During his time in Iraq, Pape was not allowed off the base. Even on the base, life wasnt perfectly safe. Mortar attacks were common, with shells falling on the sprawling base about 60 or 70 times during Papes stint.
"Out of those 60 or 70 times, I felt impacts and the ground shook maybe 10 times," Pape said. "Parts of the base could get hit, and we wouldnt even feel it or hear it. All we hear is a siren going off, we put our gear on, and we'd wait, or go to a bunker, depending on what the situation was -- sometimes we had to take our patients to the bunkers -- and just wait it out. And usually, within 30 or 40 minutes, the 'all-clear' would sound and we could go back to work.
The trailers in which the troops lived were surrounded by sandbags to deflect blasts. This usually gave Pape a sense of relative security, except for one night when the mortar shells landed nearby.
"I was never really scared except one night when they came closer -- the trailer rocked a bit," Pape said. "We could stay in the trailers as long as we were below the level where the sandbags came up. The way the beds were set up, I was about two sandbags below the level. As the mortars got a little closer, I thought, 'I'm going to sleep on the floor.'
"And then they got a little closer, I thought, 'Well, maybe I'll be under the bed a little bit.' And by the time the attack was over, I was all the way under the bed wishing I had my helmet and flak vest with me instead of over in the clinic."
Pape joined the Air Force Reserve in 1986 at the age of 34. He had earned his master's degree in physical therapy in 1981 and received a direct commission into the reserves.
Pape had entered Angelo State University in 1970 thinking he would either enlist or be drafted upon graduating. By the time he earned a bachelor's degree in biology in 1974, the United States was completing its withdrawal from Vietnam and the draft had been suspended.
"My dad was in World War II and was recalled for Korea, and I grew up at the edge of being able to go to Vietnam or not," Pape said. "I fully intended after four years in college to be drafted or join, serve my country."
After talking to another physical therapist who was in the Air Force -- the service in which Pape's father served -- Pape learned that he could join the reserves without having previously served. After filling out the appropriate paperwork and going through an officers' course, Pape received his commission as a 1st lieutenant.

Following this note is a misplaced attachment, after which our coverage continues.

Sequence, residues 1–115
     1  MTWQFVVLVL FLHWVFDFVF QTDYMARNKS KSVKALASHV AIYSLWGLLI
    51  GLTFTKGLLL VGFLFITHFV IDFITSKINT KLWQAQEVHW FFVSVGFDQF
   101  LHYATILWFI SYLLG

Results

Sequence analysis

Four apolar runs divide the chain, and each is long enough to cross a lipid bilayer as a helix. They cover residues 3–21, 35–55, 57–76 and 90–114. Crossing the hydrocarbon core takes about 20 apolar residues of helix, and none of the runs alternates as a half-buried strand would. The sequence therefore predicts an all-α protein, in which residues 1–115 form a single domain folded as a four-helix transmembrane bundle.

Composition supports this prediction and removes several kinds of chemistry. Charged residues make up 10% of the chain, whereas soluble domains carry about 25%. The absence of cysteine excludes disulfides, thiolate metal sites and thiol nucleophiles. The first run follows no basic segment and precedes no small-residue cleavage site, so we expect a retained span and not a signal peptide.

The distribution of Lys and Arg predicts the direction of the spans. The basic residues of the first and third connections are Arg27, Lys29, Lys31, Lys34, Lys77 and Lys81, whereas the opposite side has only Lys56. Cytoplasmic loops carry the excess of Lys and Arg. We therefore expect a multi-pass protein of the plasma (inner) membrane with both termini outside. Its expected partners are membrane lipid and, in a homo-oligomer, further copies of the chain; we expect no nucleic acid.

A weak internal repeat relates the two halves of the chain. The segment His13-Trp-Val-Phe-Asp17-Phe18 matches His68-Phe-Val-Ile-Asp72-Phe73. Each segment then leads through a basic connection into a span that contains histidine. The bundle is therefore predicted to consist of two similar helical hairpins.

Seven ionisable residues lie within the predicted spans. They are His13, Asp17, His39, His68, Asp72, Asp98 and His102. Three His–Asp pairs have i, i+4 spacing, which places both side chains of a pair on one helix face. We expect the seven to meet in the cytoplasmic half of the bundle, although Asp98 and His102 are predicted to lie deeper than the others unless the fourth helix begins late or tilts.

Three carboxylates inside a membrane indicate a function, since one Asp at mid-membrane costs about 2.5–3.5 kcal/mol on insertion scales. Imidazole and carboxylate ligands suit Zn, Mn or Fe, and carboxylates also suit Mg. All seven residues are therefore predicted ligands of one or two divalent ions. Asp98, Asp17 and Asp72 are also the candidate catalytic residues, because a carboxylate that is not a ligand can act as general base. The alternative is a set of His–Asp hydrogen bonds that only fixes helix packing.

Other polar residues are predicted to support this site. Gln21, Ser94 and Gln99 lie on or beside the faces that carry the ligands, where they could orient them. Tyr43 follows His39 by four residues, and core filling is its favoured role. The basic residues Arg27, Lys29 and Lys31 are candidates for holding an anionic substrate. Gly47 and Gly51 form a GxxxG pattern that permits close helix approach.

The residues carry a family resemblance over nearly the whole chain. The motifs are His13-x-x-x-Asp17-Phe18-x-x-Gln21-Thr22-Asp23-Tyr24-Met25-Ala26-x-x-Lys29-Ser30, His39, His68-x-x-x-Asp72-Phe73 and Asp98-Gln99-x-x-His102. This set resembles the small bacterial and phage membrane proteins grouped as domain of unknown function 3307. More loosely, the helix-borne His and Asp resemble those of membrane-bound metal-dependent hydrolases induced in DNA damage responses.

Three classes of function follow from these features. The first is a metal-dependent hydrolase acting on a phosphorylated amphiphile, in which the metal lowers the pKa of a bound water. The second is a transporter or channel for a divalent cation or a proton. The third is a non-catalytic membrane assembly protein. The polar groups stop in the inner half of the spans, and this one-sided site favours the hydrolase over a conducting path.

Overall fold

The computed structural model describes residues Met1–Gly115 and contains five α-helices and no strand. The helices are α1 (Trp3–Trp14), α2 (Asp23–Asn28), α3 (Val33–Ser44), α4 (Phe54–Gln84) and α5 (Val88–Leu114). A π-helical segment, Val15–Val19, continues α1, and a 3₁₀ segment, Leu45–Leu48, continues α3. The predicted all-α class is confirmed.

His career in the reserves has generally had a tremendous impact on his professional and personal life, but had not required any substantial time commitment. He usually had one weekend a month and two weeks a year of training. He lived on base in San Antonio during his Desert Storm deployment in 1991, and he hadn't been in a combat zone until this year.
During his recent deployment, he missed his daughter's graduation from college. ASU physical therapy faculty picked up his workload to minimize the external pressures on Pape so he could focus on his mission in Iraq.
"Without the University's full support, I would not be in a position to answer the countrys call for help," Pape said.
"My wife was very supportive. I know she hated it, but she was very, very supportive. It was probably harder on her than it was on me. I really missed her a lot."
"I think my daughter was proud of me. I think she was a little afraid something might happen to me, but I felt nothing but support from everyone around."
"The university told me, 'good luck', and said my job would be here when I got back. Some of the faculty called my family to make sure they were OK while I was gone and I got e-mails from them as well -- that means a lot."
If it weren't for his commitments back home, Pape said he would want to return to Iraq.
"It was a very rewarding experience for me," Pape said. "I was working with absolutely the best people. The surgeons, the nurses, the doctors -- they are some of the best-trained people in the world."
In the military, Pape is able to do more than a civilian physical therapist is allowed to because of either professional conventions or licensing restrictions. In Iraq, he was allowed to suture wounds, pull drains, prescribe medications, remove internal fixators and order X-rays.
"Combat medicine blurs those lines a little bit," Pape said. "It's something you do automatically because its going to help the physician out. If you've got an orthopedic surgeon taking out staples, that means he can't be in surgery doing what he does best."
Now that Pape is back in the classroom, his students are reaping the benefits of his varied experiences.
"By practicing, I'm keeping my skills up to date," Pape said. "That really enhances education. The students are learning by hearing a story about how this therapy worked for this patient. I'm definitely a better therapist and a better person because I went."